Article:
Archaeologists believe they have found evidence of ancient cryptocurrencies and blockchain technology. At the annual meeting of the Society for American Archaeology in Washington, D.C., archaeologists discussed how ancient stone money transactions on the island of Yap, in the western Pacific Ocean, may have been the precursor to Bitcoin and blockchain technologies. Researchers drew astonishing parallels between the carved limestone disks of the Yap people and modern cryptocurrencies like Bitcoin. But how did this ancient stone money system work like cryptocurrency?
Yap islanders pioneered a public oral system for securely tracking and exchanging their currency, the giant limestone coins, called rai. Archaeologists point out that a similar process happens with blockchain through the storing of digital histories. There are many other similarities, though, including the mining, storage, peer-to-peer negotiation, and auditability of both currencies. Once again, history has shown that the ancients were wiser than people often realize.
What are these ancient coins, and how were they used?
How long the Yap people have used stone currency remains a mystery, but flat rocks have been found at the site dating back over 2000 years. What archaeologists do know, is that centuries ago, Yapese stone carvers started traveling to the Palauan archipelago to carve limestone into circular rai currency. The stone disks had a hole cut into the center, so men could skewer them with wooden poles for transport on their rafts. Back at the island, the miners would present the huge coins to the villagers at a public gathering where they would describe each coin’s manufacturing history and attributes of the stones to the community so that everyone knew a rai’s worth. After public inspection, a coin was assigned a value based on its attributes like size, shape, quality, and even the risks taken on the journey to acquire it. Once the rai’s worth was determined, the village chief would display the coin at communal spots. Researchers argue that similarly, Bitcoin miners solve complex mathematical problems in order to release units of the cryptocurrency to the community. Then, blockchain technology verifies the transaction, making it visible to the network.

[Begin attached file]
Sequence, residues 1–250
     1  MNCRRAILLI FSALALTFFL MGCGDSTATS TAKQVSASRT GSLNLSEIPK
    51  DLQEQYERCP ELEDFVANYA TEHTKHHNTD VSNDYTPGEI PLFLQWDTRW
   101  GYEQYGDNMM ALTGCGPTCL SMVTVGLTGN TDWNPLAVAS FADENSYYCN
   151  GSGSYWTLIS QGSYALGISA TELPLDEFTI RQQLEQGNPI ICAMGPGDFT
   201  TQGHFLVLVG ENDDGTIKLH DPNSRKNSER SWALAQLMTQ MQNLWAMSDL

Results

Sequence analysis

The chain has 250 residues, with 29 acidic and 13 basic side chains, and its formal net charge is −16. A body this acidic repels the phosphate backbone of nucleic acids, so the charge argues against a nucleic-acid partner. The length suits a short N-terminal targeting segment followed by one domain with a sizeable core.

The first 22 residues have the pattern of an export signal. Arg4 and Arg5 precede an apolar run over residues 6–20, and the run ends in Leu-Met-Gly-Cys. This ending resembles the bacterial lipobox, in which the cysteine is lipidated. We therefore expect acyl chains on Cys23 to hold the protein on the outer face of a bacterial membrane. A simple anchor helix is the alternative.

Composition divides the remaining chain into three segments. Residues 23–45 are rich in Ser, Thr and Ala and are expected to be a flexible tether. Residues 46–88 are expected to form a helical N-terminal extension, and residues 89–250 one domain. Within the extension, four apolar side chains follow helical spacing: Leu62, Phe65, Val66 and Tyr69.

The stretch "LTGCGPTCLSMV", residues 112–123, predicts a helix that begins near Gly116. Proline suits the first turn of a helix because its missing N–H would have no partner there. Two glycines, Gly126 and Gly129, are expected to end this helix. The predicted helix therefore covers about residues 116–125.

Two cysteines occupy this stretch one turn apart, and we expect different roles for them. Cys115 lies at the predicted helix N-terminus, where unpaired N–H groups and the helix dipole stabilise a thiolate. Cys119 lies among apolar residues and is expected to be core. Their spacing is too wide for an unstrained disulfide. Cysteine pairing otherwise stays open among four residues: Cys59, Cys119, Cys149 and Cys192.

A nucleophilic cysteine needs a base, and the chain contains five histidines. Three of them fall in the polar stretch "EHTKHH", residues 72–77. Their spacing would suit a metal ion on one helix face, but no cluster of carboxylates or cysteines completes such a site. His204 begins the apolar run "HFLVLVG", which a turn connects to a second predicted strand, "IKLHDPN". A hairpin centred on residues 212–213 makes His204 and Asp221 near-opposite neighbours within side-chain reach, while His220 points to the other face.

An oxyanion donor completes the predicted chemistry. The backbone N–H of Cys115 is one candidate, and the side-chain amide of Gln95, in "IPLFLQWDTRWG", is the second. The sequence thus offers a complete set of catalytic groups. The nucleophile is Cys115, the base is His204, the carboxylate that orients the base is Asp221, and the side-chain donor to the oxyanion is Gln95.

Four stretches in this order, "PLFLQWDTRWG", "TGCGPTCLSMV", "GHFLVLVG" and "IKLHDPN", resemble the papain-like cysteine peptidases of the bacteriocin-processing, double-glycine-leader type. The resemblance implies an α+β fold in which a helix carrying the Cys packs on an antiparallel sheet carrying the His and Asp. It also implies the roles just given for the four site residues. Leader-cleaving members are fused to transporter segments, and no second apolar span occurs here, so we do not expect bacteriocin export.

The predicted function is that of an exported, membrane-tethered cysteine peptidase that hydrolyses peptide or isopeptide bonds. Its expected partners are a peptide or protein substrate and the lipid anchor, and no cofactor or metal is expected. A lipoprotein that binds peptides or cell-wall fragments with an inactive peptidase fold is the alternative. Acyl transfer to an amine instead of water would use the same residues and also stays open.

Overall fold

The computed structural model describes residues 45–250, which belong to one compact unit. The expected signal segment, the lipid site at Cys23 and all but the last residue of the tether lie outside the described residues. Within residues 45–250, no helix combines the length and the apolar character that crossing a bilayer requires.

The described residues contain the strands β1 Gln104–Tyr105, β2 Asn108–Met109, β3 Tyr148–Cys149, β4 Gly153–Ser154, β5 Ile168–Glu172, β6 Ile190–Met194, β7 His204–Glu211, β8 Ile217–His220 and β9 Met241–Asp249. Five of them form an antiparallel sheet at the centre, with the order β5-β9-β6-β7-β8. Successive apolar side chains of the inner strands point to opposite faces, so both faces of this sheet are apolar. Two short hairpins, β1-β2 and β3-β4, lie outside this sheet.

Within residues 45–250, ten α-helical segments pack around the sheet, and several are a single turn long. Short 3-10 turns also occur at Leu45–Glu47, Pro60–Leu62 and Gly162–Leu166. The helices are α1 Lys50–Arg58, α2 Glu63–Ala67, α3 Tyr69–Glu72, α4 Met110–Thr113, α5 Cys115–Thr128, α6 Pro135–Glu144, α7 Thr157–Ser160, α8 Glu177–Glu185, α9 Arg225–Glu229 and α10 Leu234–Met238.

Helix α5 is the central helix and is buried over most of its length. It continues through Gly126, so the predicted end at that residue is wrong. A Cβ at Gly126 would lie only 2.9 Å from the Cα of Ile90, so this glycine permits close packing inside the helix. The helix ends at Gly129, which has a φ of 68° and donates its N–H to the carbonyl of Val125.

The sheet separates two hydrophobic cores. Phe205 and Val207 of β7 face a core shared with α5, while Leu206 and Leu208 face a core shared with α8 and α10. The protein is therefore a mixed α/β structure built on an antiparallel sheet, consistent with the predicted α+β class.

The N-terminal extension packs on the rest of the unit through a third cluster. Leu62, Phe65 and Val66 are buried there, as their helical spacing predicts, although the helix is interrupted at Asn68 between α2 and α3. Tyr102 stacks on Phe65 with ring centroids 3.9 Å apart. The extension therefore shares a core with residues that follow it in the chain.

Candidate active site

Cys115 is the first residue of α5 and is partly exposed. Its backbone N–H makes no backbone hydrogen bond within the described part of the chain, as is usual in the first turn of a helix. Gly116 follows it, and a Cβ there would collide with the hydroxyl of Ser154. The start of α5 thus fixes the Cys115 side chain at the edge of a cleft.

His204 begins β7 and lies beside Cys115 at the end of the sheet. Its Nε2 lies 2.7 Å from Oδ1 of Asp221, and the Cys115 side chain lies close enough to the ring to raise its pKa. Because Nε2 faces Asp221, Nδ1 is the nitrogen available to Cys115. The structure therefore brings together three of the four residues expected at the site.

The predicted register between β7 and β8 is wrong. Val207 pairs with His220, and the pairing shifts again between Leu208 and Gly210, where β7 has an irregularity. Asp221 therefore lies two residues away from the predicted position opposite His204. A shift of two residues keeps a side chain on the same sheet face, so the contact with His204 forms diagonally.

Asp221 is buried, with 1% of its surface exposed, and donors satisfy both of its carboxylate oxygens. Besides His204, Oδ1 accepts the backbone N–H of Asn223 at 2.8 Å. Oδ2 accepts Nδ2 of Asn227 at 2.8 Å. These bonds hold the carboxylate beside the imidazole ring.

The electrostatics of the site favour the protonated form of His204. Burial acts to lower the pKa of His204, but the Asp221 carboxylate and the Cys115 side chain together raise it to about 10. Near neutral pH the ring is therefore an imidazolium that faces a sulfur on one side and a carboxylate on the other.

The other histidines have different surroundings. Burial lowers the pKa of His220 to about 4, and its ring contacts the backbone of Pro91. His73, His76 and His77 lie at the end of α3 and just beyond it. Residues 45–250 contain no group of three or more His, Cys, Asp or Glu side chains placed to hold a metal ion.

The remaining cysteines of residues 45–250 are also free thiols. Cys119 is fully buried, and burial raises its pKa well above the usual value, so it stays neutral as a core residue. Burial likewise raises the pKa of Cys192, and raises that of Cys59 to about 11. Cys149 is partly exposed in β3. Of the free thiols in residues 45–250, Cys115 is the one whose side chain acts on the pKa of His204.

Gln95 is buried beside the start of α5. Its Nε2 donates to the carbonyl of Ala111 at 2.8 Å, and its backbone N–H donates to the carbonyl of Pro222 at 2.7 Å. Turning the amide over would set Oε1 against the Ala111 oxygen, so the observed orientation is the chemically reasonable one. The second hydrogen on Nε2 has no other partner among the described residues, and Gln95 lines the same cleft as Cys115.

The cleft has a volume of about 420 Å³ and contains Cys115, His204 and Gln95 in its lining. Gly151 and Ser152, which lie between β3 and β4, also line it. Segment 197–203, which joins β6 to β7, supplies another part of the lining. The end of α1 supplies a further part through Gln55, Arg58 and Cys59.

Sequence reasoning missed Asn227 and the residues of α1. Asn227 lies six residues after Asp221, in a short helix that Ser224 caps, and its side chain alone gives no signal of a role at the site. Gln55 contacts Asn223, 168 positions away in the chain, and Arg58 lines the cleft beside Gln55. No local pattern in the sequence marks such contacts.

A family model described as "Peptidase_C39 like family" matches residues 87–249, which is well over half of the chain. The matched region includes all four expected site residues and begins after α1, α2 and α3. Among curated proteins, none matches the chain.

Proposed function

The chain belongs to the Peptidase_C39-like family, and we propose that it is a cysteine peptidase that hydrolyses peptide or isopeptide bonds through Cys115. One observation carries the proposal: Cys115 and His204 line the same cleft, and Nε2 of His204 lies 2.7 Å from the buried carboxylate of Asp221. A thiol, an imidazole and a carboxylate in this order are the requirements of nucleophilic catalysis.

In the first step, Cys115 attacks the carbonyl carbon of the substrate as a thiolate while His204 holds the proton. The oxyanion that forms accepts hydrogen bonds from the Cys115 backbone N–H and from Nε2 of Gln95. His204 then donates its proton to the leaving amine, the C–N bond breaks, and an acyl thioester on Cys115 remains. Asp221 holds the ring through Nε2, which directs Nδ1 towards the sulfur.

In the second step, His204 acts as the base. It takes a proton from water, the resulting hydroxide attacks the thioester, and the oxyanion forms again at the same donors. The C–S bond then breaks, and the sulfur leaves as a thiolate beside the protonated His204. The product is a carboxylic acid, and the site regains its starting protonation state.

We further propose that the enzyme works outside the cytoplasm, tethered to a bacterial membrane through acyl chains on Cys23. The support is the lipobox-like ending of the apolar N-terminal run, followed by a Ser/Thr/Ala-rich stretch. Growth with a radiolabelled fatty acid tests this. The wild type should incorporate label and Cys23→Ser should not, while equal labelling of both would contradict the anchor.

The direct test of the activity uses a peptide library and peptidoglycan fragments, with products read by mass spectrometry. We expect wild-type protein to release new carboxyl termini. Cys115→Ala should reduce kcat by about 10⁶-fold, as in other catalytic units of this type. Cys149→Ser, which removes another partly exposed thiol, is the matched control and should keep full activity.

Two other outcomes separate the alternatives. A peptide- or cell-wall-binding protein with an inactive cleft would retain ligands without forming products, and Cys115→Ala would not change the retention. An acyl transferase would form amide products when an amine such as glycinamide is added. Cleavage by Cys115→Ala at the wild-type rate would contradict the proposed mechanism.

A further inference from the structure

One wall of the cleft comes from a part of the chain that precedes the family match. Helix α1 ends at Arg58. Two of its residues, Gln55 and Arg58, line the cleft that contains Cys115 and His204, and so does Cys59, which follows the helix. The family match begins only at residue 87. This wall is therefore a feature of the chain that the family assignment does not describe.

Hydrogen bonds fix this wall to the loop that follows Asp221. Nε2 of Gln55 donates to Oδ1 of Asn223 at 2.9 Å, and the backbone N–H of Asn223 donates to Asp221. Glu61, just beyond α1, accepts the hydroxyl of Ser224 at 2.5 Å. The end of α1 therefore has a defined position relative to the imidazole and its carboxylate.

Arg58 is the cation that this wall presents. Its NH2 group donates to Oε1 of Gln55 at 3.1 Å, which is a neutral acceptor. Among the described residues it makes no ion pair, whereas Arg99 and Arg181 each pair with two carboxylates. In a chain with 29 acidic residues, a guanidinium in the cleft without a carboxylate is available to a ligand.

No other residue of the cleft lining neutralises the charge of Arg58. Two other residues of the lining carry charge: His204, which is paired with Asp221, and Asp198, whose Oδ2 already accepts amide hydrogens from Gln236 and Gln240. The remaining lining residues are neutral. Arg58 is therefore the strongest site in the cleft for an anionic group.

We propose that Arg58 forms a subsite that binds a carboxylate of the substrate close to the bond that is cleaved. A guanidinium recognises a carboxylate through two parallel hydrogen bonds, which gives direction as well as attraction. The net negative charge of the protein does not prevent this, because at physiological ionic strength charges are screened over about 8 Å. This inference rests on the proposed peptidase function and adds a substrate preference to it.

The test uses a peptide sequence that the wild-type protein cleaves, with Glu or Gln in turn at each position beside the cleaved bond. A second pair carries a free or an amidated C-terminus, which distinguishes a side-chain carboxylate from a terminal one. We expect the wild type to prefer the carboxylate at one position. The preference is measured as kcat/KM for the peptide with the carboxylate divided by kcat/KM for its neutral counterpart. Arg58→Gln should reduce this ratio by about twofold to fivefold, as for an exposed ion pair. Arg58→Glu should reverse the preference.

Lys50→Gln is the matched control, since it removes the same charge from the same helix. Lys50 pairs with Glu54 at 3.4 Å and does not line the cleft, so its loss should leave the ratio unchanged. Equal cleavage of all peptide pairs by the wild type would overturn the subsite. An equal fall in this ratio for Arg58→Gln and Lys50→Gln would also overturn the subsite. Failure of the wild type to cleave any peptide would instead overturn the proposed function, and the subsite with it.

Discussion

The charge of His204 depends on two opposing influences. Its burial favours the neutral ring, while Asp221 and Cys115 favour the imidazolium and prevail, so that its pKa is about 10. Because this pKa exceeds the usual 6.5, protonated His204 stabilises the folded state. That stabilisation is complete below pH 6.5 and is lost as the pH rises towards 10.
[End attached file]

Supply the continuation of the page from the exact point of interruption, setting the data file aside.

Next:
The similarities do not end there. Through the display of rai in public places in the village, the Yap people could see and agree on the value of the currency, like how Bitcoin participants can check the value of their currency through a viewable digital ledger. Further, for the Yap people to have mined for limestone, they had to work out agreements with nearby islanders. Likewise, miners of Bitcoin receive a digital request to mine for coins. After a rai coin was verified and publicly displayed, it could be exchanged for goods and services, just like Bitcoins. Also, like Bitcoin, the transaction history for each rai was publicly visible to yap blockchain members.
New research is emerging every day to suggest that ancient stone money, like the rai, is only one of many examples of how ancient civilizations created a socially networked economic system based on community and transparency. Clearly, we still have a lot to learn from our ancient history. Exciting new technologies like cryptocurrencies and blockchains are yet another example of how ancient wisdom may hold the key to humanity’s future. As Machiavelli said, "Whoever wishes to foresee the future must consult the past; for human events ever resemble those of preceding times."